Community and Connection

Last Friday we went to see the film Fisherman’s Friends: One and All.  It’s the second film made about the Fisherman’s Friends musical group from Port Isaac on the North Cornwall coast.  Though it’s a fictional story, it’s based on real people and real events. 

The Friends started singing traditional folk songs and sea shanties down at Port Isaac harbour back in 1995 just for the fun of it and to entertain anyone who cared to stop and listen.  They all have their day-jobs and they say that their friendship comes first and the music second.

The music is handed down and traditional.  It comes from living close to the sea and the land.  Port Isaac, with its narrow winding streets and alleyways is the epitome of closeness and community.  The scenery is gently spectacular, with the cosy harbour, seascape and rolling hills.

This Cornish idyll, though temporarily disturbed by a falling out between the friends through the pain of a bereavement, chimes with something deep inside us.  A desire for  community.  To belong and to connect.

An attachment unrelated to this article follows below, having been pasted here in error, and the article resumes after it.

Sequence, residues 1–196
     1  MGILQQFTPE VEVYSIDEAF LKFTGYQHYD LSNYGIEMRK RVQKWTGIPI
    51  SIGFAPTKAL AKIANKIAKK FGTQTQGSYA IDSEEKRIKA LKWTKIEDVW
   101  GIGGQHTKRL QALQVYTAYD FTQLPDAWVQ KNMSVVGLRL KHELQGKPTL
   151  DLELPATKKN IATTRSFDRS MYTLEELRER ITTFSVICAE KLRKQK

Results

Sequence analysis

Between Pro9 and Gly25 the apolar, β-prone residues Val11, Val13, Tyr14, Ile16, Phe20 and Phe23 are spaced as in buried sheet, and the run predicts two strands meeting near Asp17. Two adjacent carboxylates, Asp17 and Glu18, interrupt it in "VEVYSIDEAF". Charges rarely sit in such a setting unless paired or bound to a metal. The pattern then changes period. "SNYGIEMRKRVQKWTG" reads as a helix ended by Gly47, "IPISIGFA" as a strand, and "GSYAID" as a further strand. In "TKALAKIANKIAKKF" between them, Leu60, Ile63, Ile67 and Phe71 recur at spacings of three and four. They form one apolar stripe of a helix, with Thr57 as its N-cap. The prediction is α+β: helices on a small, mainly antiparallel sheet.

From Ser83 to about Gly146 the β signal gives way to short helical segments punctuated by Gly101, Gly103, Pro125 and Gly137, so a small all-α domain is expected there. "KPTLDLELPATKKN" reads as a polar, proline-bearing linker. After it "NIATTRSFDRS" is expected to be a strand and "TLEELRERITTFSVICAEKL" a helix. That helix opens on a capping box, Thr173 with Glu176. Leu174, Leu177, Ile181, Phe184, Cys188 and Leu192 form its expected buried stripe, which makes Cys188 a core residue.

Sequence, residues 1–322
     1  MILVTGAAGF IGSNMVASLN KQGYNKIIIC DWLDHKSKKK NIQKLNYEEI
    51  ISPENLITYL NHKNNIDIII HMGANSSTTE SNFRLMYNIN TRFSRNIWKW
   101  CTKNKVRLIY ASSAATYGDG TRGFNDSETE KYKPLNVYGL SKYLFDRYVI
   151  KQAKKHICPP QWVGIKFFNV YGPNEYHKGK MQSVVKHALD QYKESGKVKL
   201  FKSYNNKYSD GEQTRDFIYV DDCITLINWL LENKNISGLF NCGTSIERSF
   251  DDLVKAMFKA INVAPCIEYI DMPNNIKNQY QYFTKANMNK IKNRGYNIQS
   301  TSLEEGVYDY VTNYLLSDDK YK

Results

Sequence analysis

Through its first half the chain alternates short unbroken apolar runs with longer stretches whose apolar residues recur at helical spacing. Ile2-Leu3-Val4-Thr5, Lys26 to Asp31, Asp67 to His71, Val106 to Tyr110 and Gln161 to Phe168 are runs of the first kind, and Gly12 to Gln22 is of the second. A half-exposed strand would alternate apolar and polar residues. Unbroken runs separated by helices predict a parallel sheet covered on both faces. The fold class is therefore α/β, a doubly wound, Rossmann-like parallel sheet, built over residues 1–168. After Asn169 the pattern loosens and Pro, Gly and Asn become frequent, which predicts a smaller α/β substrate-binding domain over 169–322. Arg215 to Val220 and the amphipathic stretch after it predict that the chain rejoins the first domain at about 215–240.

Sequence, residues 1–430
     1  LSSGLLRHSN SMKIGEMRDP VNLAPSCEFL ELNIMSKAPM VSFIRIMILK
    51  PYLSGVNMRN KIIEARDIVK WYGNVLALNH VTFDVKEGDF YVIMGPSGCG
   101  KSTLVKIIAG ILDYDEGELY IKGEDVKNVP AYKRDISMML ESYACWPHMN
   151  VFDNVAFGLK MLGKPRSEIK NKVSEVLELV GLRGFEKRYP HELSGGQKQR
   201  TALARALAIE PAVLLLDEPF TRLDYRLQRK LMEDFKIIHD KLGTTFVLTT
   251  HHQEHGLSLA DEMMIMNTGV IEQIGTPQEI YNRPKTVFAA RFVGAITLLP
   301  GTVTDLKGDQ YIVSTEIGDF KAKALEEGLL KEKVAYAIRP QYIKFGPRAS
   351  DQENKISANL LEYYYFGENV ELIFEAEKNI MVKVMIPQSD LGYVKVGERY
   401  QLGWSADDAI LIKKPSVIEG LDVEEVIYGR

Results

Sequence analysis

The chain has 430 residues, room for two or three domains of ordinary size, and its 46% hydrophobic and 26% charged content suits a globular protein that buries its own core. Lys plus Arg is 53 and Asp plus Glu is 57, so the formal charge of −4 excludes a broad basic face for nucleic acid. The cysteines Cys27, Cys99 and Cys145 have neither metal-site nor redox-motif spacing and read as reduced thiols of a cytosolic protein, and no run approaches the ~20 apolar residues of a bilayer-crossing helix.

Though we live in an age when we can live and work anywhere in the world, we are still social animals.  We want to be connected.  Hence  social media and the constant presence of our mobile phones.  Yes, they can connect us.

But real community is about living, working, sharing, suffering, supporting and rejoicing together.  It is allied to the African concept of Ubuntu championed by Desmond Tutu: “I am because you are.”

Chris Dawson

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